It wasn’t stated how this would be monitored or if the 10 activations are permanent. For example if I reach 10 activations of my account can I deactivate one like iTunes or PlayStation Network accounts? I might be alone in this but it seems too good to be true until Microsoft further clarifies the restrictions of the policy I’ll remain indifferent.
Microsoft has stated Xbox One games will and will not be sellable, letting publishers decide if they will allow the practice on a game-by-game basis. Furthermore, games will only be sold to select partner retailers which have yet to be announced. Since games do not require discs after the initial activation, when you go to sell an approved title you will revoke the license on your account.
I sell games because gaming is an expensive hobby and I’m not one to collect things that sit around gathering dust. When I sell a game I have no intention of playing it again, so it makes sense to offset the price of a full priced new game. Apparently that hurts the industry, selling a one or two month old game is taking money away from publishers and developers. What about that 40 dollar GameStop gift card I got in exchange for those games? That money will assuredly dry up considerably with resale restrictions.
Plain and simple, used games create more buying power for the consumer, people will have less money to spend on games. 2013’s Tomb Raider reboot sold 3 million plus copies and that was considered a disappointment because the budget was bloated. When customers have less buying power, games with huge budgets will struggle even further to reach profitability. Publishers will be forced to slash budgets and scale accordingly to the sales, which very well could decline, especially with lower install bases.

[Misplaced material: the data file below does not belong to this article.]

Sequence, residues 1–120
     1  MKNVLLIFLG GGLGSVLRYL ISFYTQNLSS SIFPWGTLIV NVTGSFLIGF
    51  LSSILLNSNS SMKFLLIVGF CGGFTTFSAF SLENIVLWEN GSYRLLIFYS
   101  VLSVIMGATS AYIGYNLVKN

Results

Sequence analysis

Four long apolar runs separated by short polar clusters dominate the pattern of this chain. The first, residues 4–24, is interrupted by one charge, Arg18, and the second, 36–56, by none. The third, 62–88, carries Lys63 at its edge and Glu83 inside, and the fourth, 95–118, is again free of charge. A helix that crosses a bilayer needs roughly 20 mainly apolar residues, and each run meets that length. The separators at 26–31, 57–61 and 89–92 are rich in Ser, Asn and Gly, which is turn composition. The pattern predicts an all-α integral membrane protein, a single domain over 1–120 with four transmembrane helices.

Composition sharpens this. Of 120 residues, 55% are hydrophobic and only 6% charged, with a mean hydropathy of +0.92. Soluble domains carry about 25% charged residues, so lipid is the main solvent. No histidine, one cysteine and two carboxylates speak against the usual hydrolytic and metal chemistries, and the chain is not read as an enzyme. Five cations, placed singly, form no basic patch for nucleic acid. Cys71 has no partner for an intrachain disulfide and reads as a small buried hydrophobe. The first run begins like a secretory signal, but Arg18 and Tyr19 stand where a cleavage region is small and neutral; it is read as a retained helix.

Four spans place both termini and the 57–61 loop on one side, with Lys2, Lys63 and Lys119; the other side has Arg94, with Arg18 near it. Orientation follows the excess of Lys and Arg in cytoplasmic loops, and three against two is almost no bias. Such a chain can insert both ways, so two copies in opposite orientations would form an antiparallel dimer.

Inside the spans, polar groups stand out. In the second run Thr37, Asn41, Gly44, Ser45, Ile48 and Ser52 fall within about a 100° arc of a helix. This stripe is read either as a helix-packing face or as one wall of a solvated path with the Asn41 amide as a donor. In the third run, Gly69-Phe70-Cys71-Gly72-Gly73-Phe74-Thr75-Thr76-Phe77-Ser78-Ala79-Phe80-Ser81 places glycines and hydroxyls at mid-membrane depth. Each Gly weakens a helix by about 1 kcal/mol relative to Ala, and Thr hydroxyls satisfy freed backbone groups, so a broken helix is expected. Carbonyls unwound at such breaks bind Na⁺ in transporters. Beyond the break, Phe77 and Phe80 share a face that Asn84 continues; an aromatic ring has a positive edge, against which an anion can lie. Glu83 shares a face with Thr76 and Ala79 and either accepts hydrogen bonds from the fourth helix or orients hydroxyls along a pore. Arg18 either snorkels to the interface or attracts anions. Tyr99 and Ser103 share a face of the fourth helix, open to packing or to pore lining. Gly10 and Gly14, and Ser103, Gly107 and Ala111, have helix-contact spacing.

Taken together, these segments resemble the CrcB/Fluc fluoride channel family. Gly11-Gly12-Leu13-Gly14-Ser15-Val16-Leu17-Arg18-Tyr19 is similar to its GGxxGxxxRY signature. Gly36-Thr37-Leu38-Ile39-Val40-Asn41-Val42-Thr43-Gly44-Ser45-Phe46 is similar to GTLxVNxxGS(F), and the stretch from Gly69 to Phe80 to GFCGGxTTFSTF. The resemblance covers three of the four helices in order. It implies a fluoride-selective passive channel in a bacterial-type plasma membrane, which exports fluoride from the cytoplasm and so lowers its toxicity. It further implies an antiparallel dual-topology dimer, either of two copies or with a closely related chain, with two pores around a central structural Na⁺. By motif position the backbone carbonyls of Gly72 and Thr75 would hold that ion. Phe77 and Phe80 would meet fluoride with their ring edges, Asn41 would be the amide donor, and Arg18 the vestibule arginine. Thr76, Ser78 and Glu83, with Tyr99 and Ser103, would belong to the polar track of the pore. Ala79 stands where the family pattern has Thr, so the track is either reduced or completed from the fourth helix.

Smile and nod
It seems as though Microsoft expected consumers to like their new policies. Sure, there are redeeming points, like not having to use a disc. I’d gladly get off my couch if it meant the games I purchase were actually my property. While things were explained a bit better there are still a lot of questions, let’s hope we don’t have to wait until launch to fully understand them. It’s hard to say if this will damage the Xbox brand immediately, I’m sure the casual consumer will be peeved when they come to find things aren’t how they used to be.
Will it be a deterrent? That largely depends on Sony. Right now the ball is in Sony’s court, but they’ve been extremely vague in Q&A’s with the media stating “used games work on PS4.” Many are hoping that Sony is not purposefully evading the issue just to announce they have a similar policy at a later date. If this is truly at the behest of publishers, Sony would find they’re between a rock and a hard place.
I for one, hope Sony won’t deploy the anti-consumer measures Microsoft have taken with the Xbox One. Not only for my own selfish reasons, but because I have become accustomed to the big budget triple A game and I’d hate to see those get scaled back because they just aren’t profitable anymore. With E3 just days away it won’t be long before we get all of the details of both machines, keep an eye on Vyralize.com for updates.